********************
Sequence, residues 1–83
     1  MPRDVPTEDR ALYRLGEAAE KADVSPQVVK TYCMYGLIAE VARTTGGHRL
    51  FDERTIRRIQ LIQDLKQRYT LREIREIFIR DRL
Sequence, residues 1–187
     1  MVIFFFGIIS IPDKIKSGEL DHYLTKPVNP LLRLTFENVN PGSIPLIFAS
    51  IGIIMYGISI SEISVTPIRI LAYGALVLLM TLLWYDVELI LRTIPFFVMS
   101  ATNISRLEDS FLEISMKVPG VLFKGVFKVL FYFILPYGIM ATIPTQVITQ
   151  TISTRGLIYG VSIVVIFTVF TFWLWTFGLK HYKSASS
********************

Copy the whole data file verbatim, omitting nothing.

Sequence, residues 1–83
     1  MPRDVPTEDR ALYRLGEAAE KADVSPQVVK TYCMYGLIAE VARTTGGHRL
    51  FDERTIRRIQ LIQDLKQRYT LREIREIFIR DRL
Sequence, residues 1–187
     1  MVIFFFGIIS IPDKIKSGEL DHYLTKPVNP LLRLTFENVN PGSIPLIFAS
    51  IGIIMYGISI SEISVTPIRI LAYGALVLLM TLLWYDVELI LRTIPFFVMS
   101  ATNISRLEDS FLEISMKVPG VLFKGVFKVL FYFILPYGIM ATIPTQVITQ
   151  TISTRGLIYG VSIVVIFTVF TFWLWTFGLK HYKSASS